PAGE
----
Rwanda is not just known as the ‘Land of a Thousand Hills’ but also for its gorilla population living in the rainforest of this country. During a gorilla trekking you observe these protected animals at close proximity. Furthermore Rwanda offers the possibilities to travellers, who are interested in ‘new’ destinations, to observe chimpanzees or to partake in various water activities at Lake Kivu, the largest lake in Rwanda.
What to expect
Volcanoes National Park
Both Uganda and Rwanda are the ideal destinations for gorilla trekking. Around 350 gorillas live in the middle of thick rain and bamboo forests. Volcanoes National Park is where gorilla trekking takes place in Rwanda. You go on an exciting tour with a professional guide who takes you through the rainforest and shares his knowledge with you. Even though the gorillas allow the presence of humans, the group is only allowed to spend a maximum of one hour with them. The moment when you face these impressive creatures is unforgettable. Apart from gorilla trekking, you could also visit the lakes Bulera and Ruhondo in this region.
Close to Lake Kivu, which lies between Rwanda and the Republic of the Congo, you may be interested to visit ‘fair trade co-operations’. You could for example get a guided tour of a coffee plantation or visit a local farmer. Lake Kivu is a mere 2 hours drive away from Kigali, and also easily reached within an hour from Volcanoes National Park. For those, who admire wonderful landscapes and native sceneries and who are happy to settle for a good middle class hotel, Lake Kivu could also be suitable for a short relaxing stay.
Since Rwanda is a rather small country, you can reach the region of the gorilla trekking in just 2 hours drive from Kigali.
Did you know…
Rwanda is a role model for many other African countries in regards to environmentalism? Since 2004, plastic bags are forbidden in Rwanda and even waste separation was introduced. Even though it does not yet work perfectly everywhere, it is working increasingly better. Rwanda is also said to be one of the cleanest countries of Africa, perhaps even the very cleanest. Clean streets and public places are highly regarded and every Saturday is cleaning day.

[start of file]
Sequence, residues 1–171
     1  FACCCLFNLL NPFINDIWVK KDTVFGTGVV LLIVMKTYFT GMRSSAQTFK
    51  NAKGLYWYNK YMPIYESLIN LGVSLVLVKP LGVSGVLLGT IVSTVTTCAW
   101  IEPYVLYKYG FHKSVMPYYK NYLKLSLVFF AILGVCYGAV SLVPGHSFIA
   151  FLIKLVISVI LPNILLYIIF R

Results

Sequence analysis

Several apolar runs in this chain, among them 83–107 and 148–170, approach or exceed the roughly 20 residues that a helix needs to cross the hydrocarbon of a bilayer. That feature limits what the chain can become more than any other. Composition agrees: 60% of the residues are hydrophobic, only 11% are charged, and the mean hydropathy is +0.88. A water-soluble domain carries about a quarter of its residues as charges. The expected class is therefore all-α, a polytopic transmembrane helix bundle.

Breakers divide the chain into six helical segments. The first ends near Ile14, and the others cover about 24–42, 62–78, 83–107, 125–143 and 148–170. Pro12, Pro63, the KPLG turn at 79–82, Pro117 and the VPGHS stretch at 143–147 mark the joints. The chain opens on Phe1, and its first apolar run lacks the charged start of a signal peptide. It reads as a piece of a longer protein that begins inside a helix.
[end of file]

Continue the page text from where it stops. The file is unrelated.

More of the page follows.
I was fascinated by the combination of gorilla trekking in both Rwanda and Uganda. Both experiences are organised in totally different ways and each have their own advantages and particular charm. If the encounter with our ‘close relatives’ is the main focus of your travels, I would highly recommend such a combination tour.
A tour in Rwanda can easily be combined with a stay in Tanzania. This gives you a good impression of tropical rainforest on the one hand and the vast expanse of the Serengeti on the other hand. Should you want to concentrate on gorilla trekking, we recommend a combination of Rwanda and Uganda.
We would gladly contact you to discuss your individual expectations and are looking forward to being your professional partner for the organisation of your travel arrangement to Africa.
Repubulika y’u Rwanda (Rwanda); République Rwandaise (French); Republic of Rwanda
Ruanda Franc (RWF)
Total land surface:
26.338 km² (World rang 145)
Nord-Süd: 600 km, West-Ost: 500 km
Kigali (237.782), Ruhengeri (29.578), Butare (28.645), Gisenyi (21.918)
Rwanda is located close to the Equator. As a result of this, the climate does not change much and the country can therefore be visited throughout the year. The long rainy season tends to be from February to May and the short rains fall from October to November. This however varies in different areas and it can rain any time of the year, especially in the gorilla park areas. Travelling can take longer in the rainy season, but the views are often better. Gorilla trekking can be muddier and more demanding, but it can certainly be done. The temperatures generally range between 21°C and 30°C during day time. The nights usually don’t get cooler than 15°C. In the mountainous areas it is much colder than on the plains and the rainfall is greater. Here you could experience rather Alpine temperatures. Our advice is to travel, when it is most convenient and usually the rain, which is often for short periods, is part of the great experience. A guest may avoid trekking in the ‘official’ rainy season only to find that it pours throughout his visit during another period! For this reason camps are not closed during the rainy season as they do in other countries with savannah landscapes.